We also talked about Equality and Non Discrimination; we focused on the issues of Hate Crime and Gender-Based Violence. We recommended that guidance should be created for media outlets when reporting on people with learning disabilities. Finally, we asked that data collection on women with learning disabilities experience gender-based violence be improved.

We gave fact sheets out on the day that summarised these issues and recommendations.

Fiona: What was it like speaking up at a big event? Did you get your points across?  

It was pretty nerve-wracking! It was also challenging because you can’t speak for more than 5 minutes on your topics, so you have to ensure you get all your points across, but I managed it.

It was an excellent opportunity to raise the issues SCLD had heard from people with learning disabilities, and I know many Member States were keen to hear about the issues we raised. As well as presenting at the session, I had the chance to meet representatives from different Member States to discuss our recommendations in more detail. It was great to share meetings with other Scottish organisations like the Scottish Children and Young Peoples Commissioners Office on recommendations we both support concerning restraint and seclusion. 

Aaron: Why was it important that SCLD participated in the Universal Periodic Review?

The Universal Periodic Review is a critical opportunity for SCLD to raise the human rights issues that people with learning disabilities tell us about and ask for changes to be made at both a UK and Scottish level. Since the Universal Periodic Review of the United Kingdom began, little attention has been given to issues faced by people with learning disabilities living in Scotland. So it was essential to have this chance to raise global awareness of the ongoing human rights issues people with learning disabilities face.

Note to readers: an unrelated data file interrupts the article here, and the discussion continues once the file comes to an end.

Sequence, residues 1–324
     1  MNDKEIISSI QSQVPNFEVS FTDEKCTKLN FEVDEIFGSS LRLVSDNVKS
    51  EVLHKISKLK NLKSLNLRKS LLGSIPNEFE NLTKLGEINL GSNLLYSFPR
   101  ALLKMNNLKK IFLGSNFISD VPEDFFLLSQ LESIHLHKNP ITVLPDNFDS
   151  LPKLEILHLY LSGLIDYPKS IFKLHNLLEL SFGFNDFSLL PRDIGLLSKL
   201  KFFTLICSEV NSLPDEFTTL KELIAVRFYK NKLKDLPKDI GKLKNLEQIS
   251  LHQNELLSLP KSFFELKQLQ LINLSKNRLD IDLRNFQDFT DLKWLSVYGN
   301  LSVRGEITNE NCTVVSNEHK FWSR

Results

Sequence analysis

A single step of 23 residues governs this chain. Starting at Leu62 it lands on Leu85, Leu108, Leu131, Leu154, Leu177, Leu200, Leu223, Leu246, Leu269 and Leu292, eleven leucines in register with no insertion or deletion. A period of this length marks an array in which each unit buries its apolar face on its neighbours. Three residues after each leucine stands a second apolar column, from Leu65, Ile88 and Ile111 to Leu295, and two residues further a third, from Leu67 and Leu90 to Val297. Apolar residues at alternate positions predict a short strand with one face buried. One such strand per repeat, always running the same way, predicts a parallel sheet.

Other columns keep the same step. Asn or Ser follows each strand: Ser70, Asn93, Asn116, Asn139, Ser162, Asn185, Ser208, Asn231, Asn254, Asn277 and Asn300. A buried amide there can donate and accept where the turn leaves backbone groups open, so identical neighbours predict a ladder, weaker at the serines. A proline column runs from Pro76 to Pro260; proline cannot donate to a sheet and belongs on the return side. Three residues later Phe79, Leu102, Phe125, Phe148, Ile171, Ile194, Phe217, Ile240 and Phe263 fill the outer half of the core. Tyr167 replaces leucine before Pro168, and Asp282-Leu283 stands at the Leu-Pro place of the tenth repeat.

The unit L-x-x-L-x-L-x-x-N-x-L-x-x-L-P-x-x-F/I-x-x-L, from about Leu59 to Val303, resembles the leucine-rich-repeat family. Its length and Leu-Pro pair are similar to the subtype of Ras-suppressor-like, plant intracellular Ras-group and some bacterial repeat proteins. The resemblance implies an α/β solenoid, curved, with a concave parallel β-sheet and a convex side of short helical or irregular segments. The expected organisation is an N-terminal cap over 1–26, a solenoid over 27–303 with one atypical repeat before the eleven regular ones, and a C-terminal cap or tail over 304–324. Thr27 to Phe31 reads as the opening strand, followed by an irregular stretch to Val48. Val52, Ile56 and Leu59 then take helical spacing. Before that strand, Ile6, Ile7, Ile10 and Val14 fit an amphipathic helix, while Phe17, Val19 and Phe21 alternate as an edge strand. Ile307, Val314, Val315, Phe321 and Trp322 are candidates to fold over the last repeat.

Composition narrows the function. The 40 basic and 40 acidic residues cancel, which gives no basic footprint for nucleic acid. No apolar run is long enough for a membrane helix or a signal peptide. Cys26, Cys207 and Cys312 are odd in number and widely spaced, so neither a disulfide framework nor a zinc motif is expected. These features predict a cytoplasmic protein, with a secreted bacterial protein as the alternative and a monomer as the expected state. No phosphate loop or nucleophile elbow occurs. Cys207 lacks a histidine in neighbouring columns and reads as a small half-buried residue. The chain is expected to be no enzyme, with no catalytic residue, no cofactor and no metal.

Aaron: What is the biggest change you would like to see in the world of human rights?

After my trip to Geneva, the most significant change I would like to see is for people with learning disabilities to lead the transformational change needed to ensure their human rights are realised.

One of the highlights of my trip to Geneva was meeting a man who does just that, Sir Robert Martin from New Zealand!

A photo of Oonagh Brown and Sir Robert Martin

Sir Robert’s experience led him to begin a civil rights campaign in small-town New Zealand that has grown into a lifetime of international advocacy for persons with disabilities, particularly those with learning disabilities. Sir Robert Currently sits on the Committee on the Rights of Persons with Disabilities, and in 2020, Sir Robert received a knighthood for his services to persons with disabilities.

Like Sir Robert, I would like to see people with learning disabilities from Scotland have the opportunity to not only make their voices heard but also have their voices respected and their recommendations implemented. People with learning disabilities must be able to create and inform the change they want to see in the world. Getting involved in work at the international level within the United Nations would be an exciting next step.

For that to happen, we will all need to work together to strengthen and support the meaningful leadership of people with learning disabilities. We will also need existing human rights monitoring structures and human rights organisations to develop inclusive ways of working to best ensure that people with learning disabilities can not only have their voices heard but can lead in the creation of a genuinely human rights-respecting Scotland.

You can watch the Human Rights Council review the human rights situation in the United Kingdom from 8am to 11am on 10 November here: United Kingdom Review – 41st Session of Universal Periodic Review | UN Web TV